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WHAT YOU NEED TO KNOW:
What causes a head injury?
A head injury is most often caused by a blow to the head. This may occur from a fall, bicycle injury, sports injury, being struck in the head, or a motor vehicle accident.
What are the symptoms of a head injury?
You may have an open wound, swelling, or bruising on your head. Right after the injury, you may be confused. Symptoms may last anywhere from a few hours to a few weeks. You may have any of the following:
- Mild to moderate headache
- Dizziness or loss of balance
- Nausea or vomiting
- Change in mood, such as feeling restless or irritable
- Trouble thinking, remembering, or concentrating
- Ringing in the ears or neck pain
- Drowsiness or decreased amount of energy
- Trouble sleeping
How is a head injury diagnosed?
- Tell your healthcare provider about your injury and symptoms. The provider will do an exam to check your brain function. He or she will check how your pupils react to light. He will check your memory, hand grasp, and balance.
- You may need a CT scan to check for bleeding or major damage to your skull or brain. You may be given contrast liquid to help the pictures show up better. Tell a healthcare provider if you have ever had an allergic reaction to contrast liquid.
How is a head injury treated?
You may be given medicine to decrease pain. Other treatments may depend on how severe your head injury is.
How can I manage my symptoms?
- Rest or do quiet activities for 24 to 48 hours. Limit your time watching TV, using the computer, or doing tasks that require a lot of thinking. Slowly return to your normal activities as directed. Do not play sports or do activities that may cause you to get hit in the head. Ask your healthcare provider when you can return to sports.
- Apply ice on your head for 15 to 20 minutes every hour or as directed. Use an ice pack, or put crushed ice in a plastic bag. Cover it with a towel before you apply it to your skin. Ice helps prevent tissue damage and decreases swelling and pain.
- Have someone stay with you for 24 hours or as directed. This person can monitor you for complications and call 911. When you are awake the person should ask you a few questions to see if you are thinking clearly. An example would be to ask your name or your address.
How can I help prevent another head injury?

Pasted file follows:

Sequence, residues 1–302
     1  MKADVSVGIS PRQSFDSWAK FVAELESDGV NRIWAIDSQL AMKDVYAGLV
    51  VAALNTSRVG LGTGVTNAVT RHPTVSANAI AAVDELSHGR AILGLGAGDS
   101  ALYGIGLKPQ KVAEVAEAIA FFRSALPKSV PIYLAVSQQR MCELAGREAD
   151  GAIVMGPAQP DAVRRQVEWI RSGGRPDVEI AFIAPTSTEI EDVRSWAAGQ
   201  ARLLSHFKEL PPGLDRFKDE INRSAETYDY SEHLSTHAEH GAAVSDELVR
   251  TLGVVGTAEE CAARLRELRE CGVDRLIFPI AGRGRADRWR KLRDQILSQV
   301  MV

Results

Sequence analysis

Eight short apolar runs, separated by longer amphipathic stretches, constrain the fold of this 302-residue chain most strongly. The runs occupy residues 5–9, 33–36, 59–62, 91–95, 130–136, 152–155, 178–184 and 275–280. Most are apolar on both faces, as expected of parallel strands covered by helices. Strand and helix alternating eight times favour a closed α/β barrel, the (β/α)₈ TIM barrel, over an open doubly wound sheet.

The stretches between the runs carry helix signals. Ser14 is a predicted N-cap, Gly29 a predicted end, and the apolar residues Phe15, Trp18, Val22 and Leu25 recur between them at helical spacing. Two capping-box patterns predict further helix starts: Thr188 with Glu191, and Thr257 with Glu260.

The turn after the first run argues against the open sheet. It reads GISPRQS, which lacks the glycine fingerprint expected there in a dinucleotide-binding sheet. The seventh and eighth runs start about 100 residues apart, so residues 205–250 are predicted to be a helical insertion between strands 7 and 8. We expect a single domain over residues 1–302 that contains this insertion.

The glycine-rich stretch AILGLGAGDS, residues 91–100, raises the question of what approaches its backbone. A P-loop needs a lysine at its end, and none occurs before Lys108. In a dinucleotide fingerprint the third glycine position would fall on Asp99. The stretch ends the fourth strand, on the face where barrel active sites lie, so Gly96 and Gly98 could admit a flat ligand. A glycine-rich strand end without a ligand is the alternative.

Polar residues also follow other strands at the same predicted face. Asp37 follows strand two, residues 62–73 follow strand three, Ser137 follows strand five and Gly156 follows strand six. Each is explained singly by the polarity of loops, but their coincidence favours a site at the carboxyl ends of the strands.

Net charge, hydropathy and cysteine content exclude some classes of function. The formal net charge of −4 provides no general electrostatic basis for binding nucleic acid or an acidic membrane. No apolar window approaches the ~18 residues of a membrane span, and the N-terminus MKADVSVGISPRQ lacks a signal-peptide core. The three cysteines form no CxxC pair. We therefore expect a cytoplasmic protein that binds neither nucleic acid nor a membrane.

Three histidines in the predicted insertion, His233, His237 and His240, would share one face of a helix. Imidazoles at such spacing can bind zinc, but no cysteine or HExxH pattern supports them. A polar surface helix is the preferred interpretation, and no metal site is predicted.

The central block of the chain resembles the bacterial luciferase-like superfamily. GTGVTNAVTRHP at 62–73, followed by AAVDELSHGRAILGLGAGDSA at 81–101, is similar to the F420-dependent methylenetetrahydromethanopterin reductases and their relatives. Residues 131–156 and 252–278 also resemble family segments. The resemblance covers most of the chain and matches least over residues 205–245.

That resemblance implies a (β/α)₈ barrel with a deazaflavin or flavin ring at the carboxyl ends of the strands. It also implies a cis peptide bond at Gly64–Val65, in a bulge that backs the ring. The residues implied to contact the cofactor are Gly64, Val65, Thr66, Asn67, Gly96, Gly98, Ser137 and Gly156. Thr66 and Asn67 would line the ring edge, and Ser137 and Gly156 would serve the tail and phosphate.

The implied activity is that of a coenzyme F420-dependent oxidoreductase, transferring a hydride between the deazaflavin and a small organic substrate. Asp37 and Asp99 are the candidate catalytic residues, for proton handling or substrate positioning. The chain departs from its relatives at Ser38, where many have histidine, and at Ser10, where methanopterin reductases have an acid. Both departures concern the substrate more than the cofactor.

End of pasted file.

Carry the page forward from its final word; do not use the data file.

- Wear a helmet that fits properly. Do this when you play sports, or ride a bike, scooter, or skateboard. Helmets help decrease your risk of a serious head injury. Talk to your healthcare provider about other ways you can protect yourself if you play sports.
- Wear your seat belt every time you are in a car. This helps to decrease your risk for a head injury if you are in a car accident.
Call 911 or have someone else call for any of the following:
- You cannot be woken.
- You have a seizure.
- You stop responding to others or you faint.
- You have blurry or double vision.
- Your speech becomes slurred or confused.
- You have arm or leg weakness, loss of feeling, or new problems with coordination.
- Your pupils are larger than usual or one pupil is a different size than the other.
- You have blood or clear fluid coming out of your ears or nose.
When should I seek immediate care?
- You have repeated or forceful vomiting.
- You feel confused.
- Your headache gets worse or becomes severe.
- You or someone caring for you notices that you are harder to wake than usual.
When should I contact my healthcare provider?
- Your symptoms last longer than 6 weeks after the injury.
- You have questions or concerns about your condition or care.
Care AgreementYou have the right to help plan your care. Learn about your health condition and how it may be treated. Discuss treatment options with your caregivers to decide what care you want to receive. You always have the right to refuse treatment. The above information is an educational aid only. It is not intended as medical advice for individual conditions or treatments. Talk to your doctor, nurse or pharmacist before following any medical regimen to see if it is safe and effective for you.
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The above information is an educational aid only. It is not intended as medical advice for individual conditions or treatments. Talk to your doctor, nurse or pharmacist before following any medical regimen to see if it is safe and effective for you.